The year is 2007, and the housing market is rocketing forward. There are zero-down loans, and everyone can buy a home. Everyone is happy — until they aren’t.
Through a series of events, the real estate markets crash in 2008. People’s lives are changed; we’re facing a new era. Some call it a correction, a credit crisis, while others call it a shift.
No matter what you want to call it, back then, real estate agents had to adapt to short sales and more bank-owned inventory. With these changes came new skills, new thoughts and new professionalism that was needed to succeed. During those changes, savvy agents adapted and gained market share.
In my case, my business doubled in the first year of the downturn. In three years, I went from 25 transactions, with only six listings sold, to more than 100 transactions and 30 active listings.
This time is like that time.
At this point, we don’t know if the coronavirus is going to change things for a month or for the rest of the foreseeable future. However, we do know that it’s changing how people think about interacting with one another.
However, there’s one thing that won’t change. People need real estate, and they will be buying and selling real estate as long as we have a democratic government and a planet to live on.
What possible silver lining is there?
A healthy real estate market
In contrast to 2008, where we had to endure several years of clients recovering from a credit crisis and had an overabundance of inventory, our market is extremely healthy.
Yes, as a profession, we still have to deal with investor buyers and tech companies. However, the rates are insanely low and so is inventory. If anything, the coronavirus will help people want new housing as they’re stuck in their current situation for two weeks. They’ll come out stir-crazy and ready to move.
The rise of professionals
Every time there’s a shift, the professionals rise and take more market share. Those who aren’t committed to the business typically take a break.
It’s not a negative thing. When the market is up, business is easier, and it invites more hobbyists into the community. When the market shifts, it requires professionals to learn new skills or relearn old ones. Take this opportunity to connect with those agents and see if you can secure their future referrals.
Increased productivity through virtual appointments
Dear agent, you’re about to enter the most productive time of your career! Clients will gladly accept your appointments to walk them through the process on the phone.
How do I know this? In 2008, when the market shifted, I went on a five-year stretch during which I never entered a home I didn’t list on the phone! That’s right, my listing appointments were on the phone. I emailed the paperwork to my clients, they signed it, and I either picked it up or they faxed (remember fax machines?) it to me.
In addition, if you do a great job of video-touring the home, you can do it once and send it to every would-be homebuyer.
Start thinking now about your redundant activities. The ones you have scripts for. What could be a video? What could be a Zoom presentation online versus in the office?
This isn’t a blog post about embracing new technology. Video tours and conferencing have been around for several years. What’s different is that consumers will now want and expect this type of interaction instead of face-to-face appointments.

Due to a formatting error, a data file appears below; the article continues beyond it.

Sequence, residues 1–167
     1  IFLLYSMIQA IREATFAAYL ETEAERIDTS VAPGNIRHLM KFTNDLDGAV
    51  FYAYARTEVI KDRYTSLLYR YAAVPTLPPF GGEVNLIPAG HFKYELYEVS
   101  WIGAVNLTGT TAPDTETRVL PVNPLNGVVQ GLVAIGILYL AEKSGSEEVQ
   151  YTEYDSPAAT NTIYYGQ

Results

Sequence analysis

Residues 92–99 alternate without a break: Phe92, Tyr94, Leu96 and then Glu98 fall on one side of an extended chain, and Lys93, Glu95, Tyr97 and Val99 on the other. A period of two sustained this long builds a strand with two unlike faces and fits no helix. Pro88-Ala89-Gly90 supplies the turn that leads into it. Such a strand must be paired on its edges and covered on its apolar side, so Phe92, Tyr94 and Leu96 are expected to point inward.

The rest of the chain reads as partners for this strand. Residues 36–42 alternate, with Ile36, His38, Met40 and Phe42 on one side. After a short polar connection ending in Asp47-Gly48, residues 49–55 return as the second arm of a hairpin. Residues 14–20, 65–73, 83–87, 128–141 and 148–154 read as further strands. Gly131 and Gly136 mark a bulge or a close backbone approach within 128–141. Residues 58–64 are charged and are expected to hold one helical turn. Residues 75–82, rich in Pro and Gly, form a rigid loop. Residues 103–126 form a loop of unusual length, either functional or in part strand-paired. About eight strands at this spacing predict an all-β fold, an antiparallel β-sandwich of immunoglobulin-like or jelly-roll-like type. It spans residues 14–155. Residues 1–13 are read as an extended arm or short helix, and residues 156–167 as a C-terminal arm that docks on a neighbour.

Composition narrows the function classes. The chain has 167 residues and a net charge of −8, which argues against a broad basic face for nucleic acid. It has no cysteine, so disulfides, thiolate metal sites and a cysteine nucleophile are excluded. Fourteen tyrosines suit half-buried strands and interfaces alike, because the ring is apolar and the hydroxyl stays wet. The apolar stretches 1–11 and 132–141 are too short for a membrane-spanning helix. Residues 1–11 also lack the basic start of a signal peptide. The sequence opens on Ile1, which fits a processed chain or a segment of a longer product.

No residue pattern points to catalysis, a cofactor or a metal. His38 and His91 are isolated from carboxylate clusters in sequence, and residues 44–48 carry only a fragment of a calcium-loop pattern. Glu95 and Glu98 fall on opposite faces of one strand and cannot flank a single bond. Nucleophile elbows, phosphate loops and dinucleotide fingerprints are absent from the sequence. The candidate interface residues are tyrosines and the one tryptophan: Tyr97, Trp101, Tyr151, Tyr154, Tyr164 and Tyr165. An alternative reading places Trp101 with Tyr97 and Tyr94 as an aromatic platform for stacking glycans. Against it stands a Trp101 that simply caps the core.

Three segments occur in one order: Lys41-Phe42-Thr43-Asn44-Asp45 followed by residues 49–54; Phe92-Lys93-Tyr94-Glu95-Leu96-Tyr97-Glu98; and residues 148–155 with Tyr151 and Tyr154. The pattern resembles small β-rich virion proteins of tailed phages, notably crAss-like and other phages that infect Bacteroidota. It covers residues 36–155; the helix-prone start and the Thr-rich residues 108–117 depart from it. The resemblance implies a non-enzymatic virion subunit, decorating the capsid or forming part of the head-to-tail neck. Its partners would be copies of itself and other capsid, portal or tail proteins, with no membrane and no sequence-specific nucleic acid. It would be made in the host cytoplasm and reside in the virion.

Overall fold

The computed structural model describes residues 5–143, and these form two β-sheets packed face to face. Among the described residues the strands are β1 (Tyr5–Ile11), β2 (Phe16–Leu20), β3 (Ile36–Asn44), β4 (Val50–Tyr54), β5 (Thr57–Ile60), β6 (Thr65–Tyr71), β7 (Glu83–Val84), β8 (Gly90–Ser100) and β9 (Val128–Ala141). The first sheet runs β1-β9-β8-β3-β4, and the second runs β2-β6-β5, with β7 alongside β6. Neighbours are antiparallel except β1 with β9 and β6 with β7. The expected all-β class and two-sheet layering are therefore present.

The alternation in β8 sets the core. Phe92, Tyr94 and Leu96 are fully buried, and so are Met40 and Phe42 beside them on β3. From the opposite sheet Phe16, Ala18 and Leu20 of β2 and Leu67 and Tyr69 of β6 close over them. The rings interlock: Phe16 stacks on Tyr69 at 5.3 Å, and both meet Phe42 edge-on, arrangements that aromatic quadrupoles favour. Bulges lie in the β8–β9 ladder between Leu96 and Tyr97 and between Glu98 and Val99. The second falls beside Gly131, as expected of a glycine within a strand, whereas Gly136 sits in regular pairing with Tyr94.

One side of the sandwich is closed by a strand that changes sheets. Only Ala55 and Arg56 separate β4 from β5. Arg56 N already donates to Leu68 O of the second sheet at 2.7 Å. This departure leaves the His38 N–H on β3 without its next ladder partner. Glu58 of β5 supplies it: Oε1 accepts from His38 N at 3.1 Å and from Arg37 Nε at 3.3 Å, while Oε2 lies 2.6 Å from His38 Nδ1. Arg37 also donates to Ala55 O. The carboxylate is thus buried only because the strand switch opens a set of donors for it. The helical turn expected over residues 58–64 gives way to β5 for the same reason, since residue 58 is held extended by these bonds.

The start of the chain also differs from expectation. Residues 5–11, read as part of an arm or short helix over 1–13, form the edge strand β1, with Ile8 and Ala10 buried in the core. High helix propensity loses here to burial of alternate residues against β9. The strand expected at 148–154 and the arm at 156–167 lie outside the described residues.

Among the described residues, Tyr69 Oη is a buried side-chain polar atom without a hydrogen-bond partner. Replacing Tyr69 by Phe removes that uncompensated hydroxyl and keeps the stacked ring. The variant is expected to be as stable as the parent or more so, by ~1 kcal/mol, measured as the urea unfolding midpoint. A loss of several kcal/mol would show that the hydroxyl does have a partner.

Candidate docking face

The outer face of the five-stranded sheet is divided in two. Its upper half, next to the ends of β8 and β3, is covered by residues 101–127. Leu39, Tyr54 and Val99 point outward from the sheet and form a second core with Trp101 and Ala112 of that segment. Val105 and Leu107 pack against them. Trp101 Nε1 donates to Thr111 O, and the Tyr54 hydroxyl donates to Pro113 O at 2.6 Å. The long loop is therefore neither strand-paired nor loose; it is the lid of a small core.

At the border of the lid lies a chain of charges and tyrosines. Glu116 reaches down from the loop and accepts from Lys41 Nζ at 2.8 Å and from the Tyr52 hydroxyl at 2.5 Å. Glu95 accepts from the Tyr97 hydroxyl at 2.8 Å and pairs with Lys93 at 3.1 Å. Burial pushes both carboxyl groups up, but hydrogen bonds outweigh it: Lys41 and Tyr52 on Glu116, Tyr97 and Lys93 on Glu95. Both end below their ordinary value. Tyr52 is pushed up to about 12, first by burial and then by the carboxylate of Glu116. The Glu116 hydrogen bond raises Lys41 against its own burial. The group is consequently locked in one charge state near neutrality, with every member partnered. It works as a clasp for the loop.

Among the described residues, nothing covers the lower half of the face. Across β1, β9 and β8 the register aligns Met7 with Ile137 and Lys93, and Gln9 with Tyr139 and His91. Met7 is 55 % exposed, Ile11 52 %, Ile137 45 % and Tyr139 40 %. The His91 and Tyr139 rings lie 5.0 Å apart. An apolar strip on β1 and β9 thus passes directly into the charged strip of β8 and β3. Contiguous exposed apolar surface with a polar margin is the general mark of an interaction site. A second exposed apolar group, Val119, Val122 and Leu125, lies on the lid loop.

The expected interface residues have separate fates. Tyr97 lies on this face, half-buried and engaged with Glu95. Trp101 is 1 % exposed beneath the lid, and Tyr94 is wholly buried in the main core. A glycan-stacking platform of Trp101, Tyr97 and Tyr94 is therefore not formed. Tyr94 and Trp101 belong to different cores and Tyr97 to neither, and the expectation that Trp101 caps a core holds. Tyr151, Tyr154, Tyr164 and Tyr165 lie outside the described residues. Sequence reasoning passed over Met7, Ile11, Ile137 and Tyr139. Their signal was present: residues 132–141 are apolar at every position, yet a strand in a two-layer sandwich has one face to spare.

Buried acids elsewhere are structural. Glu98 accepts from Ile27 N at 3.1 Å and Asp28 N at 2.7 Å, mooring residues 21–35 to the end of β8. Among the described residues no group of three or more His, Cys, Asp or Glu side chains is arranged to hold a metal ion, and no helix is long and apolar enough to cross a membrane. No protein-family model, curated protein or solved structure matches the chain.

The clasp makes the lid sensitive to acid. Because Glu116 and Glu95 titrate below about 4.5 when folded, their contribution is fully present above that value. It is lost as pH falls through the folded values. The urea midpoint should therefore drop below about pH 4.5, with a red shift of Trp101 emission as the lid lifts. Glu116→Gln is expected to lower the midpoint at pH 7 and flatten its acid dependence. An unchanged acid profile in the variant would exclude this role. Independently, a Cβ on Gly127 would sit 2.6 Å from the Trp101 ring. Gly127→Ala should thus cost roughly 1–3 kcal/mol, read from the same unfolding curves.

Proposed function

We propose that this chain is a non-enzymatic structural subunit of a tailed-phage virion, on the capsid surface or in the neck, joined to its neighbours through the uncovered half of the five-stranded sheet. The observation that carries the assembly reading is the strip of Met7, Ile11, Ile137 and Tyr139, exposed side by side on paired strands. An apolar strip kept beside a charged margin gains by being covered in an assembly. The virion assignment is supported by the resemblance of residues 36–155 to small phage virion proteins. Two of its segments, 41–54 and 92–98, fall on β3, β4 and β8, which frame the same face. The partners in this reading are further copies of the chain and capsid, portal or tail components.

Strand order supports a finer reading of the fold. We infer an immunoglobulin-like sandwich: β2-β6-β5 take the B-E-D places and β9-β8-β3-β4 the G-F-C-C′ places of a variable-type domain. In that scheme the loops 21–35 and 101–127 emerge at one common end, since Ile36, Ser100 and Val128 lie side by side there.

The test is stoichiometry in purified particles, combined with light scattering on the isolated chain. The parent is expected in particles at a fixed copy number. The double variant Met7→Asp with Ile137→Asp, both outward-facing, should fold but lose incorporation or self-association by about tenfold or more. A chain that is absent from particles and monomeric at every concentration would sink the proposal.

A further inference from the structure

The ability to be back in the driver’s seat
This one’s a bit of a stretch, especially this early on, but think about it. Buyers and sellers are concerned about exposure. Who knows the most about any given home? The tech company? The internet? No, you. The agent.
With most of the information coming from you, it’s your responsibility to know more about your community and available homes. This is not a new thing. The coronavirus didn’t change your responsibility to be excellent. The change is that now consumers will be coming to you with questions that will allow you to shine as the knowledgeable source that you are.
A knowledge of community
Community information that only agents know will be important. Should this crisis continue, agents will be poised as community informants. Consumers might still ask questions that we can’t answer, but new questions will arise that we can answer.
We might be asked: How did we handle the outbreak? Was there community involvement? In my neighborhood, many neighbors are coming out and telling us to let them know if we need toilet paper, sanitizer or even a meal. That’s the kind of community many families will want in the future.
In 2017, I wrote about three free online lead generation sources. One of those, Nextdoor, is a treasure trove of neighbor activity. Yes, the demographic tends to be older. You’ll be tempted to say, “OK, Boomer.”
However, Nextdoor and community Facebook groups are places for you to be the community mayor. Don’t sell yourself, ever. Instead, try to be a resource, and make people curious about you. If you must, you can always do a market update, but be humble about it. The point is that by helping people in these communities, you’ll be seen as the go-to person for all things community.
Creating a lasting impression
Whether it lasts two weeks or multiple years, this kind of outbreak leaves an impression in a similar (but also vastly different) way as the 9/11 attacks. Life will be slightly different. These differences create opportunities for you as the agent to continue to create value for your client.
Agents add so much value to a transaction, and unfortunately, it’s usually during a downturn that it gets appreciated. Take heart in knowing you’re needed to help navigate the choppy waters — now more than ever.